Bruins

Brad Marchand on Game 7 loss to Blues: 'They just took our dream from us'

Brad Marchand on Game 7 loss to Blues: 'They just took our dream from us'

BOSTON – Charlie McAvoy had one word to describe the emotion that he was going through after the Bruins' season had officially ended with a 4-1 loss to the St. Louis Blues in Game 7 of the Stanley Cup Final.

“Devastating,” said McAvoy, without even a hint of an elaboration.

It was a tough scene in the TD Garden home dressing room on Wednesday night after the Bruins played a dud of a Game 7 in which they were outplayed during 5-on-5 play by a strong, determined St. Louis bunch and watched rookie upstart Jordan Binnington outplay goalie Tuukka Rask between the pipes.

Grizzled veterans like Zdeno Chara and Brad Marchand were even on the verge of tears while discussing the final defeat, and Marchand admitted the Game 7 loss was the worst setback of his brilliant Bruins career. Second-year winger Jake DeBrusk sat dejected in the home dressing room with a towel on the back of his head and didn’t say word to anybody while the media was conducting interviews.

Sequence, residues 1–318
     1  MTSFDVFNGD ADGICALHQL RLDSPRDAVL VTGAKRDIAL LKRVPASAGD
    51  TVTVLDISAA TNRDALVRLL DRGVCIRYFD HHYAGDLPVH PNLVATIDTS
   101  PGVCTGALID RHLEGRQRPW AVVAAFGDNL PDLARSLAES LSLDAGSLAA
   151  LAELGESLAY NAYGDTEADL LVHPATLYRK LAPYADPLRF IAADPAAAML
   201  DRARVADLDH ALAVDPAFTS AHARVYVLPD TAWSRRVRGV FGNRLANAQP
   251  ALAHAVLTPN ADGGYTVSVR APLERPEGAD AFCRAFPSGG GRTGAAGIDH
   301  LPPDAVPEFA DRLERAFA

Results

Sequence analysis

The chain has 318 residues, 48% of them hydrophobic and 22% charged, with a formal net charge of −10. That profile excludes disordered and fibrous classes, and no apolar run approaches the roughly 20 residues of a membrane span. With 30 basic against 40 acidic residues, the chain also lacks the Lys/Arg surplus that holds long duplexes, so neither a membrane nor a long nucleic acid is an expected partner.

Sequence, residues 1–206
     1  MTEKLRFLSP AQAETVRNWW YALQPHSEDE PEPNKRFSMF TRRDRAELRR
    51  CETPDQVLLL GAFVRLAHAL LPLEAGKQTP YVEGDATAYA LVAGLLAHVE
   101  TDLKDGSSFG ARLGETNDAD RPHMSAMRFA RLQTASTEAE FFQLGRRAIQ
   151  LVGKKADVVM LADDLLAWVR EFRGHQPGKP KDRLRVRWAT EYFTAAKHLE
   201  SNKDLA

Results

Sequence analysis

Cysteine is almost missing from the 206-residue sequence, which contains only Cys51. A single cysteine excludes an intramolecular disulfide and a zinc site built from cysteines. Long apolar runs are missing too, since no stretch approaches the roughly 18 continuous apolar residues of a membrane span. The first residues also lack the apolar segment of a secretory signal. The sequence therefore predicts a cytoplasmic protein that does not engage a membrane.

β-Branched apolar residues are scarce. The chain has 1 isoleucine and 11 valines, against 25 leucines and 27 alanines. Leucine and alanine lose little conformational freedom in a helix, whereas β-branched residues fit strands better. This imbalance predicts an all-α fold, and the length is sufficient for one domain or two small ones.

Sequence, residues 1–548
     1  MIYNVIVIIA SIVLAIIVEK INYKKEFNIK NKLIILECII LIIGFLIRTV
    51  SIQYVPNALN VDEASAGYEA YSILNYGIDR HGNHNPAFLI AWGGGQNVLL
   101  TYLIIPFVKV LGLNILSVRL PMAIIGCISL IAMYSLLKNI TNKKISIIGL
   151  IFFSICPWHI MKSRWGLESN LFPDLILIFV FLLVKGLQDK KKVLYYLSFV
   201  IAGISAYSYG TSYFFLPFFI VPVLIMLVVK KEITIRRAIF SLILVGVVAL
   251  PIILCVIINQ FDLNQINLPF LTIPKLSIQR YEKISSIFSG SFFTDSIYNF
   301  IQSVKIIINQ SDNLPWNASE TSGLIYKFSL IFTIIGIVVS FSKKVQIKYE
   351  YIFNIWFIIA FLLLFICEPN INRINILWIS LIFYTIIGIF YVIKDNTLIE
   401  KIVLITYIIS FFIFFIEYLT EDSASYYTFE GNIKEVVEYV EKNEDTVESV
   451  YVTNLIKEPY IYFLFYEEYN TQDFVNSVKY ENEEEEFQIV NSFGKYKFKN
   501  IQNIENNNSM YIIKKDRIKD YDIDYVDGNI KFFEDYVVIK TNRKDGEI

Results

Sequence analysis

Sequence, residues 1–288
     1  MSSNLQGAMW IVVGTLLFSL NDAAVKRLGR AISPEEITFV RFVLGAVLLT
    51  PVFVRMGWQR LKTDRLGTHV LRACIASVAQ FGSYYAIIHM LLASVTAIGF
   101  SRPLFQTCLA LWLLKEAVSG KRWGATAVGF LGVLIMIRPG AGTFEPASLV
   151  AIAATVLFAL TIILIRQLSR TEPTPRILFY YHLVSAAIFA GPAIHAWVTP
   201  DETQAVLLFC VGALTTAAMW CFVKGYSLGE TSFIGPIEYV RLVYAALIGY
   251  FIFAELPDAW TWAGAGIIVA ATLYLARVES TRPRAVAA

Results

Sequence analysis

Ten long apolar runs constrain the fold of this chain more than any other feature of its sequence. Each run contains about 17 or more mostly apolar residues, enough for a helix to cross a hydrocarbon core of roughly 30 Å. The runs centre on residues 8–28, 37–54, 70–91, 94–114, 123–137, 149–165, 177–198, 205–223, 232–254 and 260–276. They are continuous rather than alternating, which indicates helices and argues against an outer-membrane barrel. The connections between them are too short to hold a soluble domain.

“It’s tough to describe that heartbreak, but you know, we worked hard. It just didn’t go our way,” said Marchand, who didn’t factor offensively and had a key mistake for the B’s when he left the ice for a line change just ahead of the Blues' second goal of the first period. “You never know when you’ll get that chance again. It could be the last one for all of us, but yeah, you know, when you’re that close and it doesn’t happen, it hurts.

“[There’s] disbelief that it didn't come together. That’s not how you plan it out. It’s heartbreak. It’s tough to describe. You know, they just took our dream, our lifetime dream from us, and everything we’ve worked for our entire lives. It was 60 minutes away from that. You can’t describe it.”

It was the lowest the Bruins' dressing room has been morale-wise since they lost four straight games in the second round of the 2010 playoffs to blow a 3-0 series lead against the Philadelphia Flyers. The Bruins were disappointed they lost the Stanley Cup Final in 2013 to the Chicago Blackhawks, to be sure, but it wasn’t the kind of shell-shocked, stunned and raw emotion that was on display after Wednesday night’s game.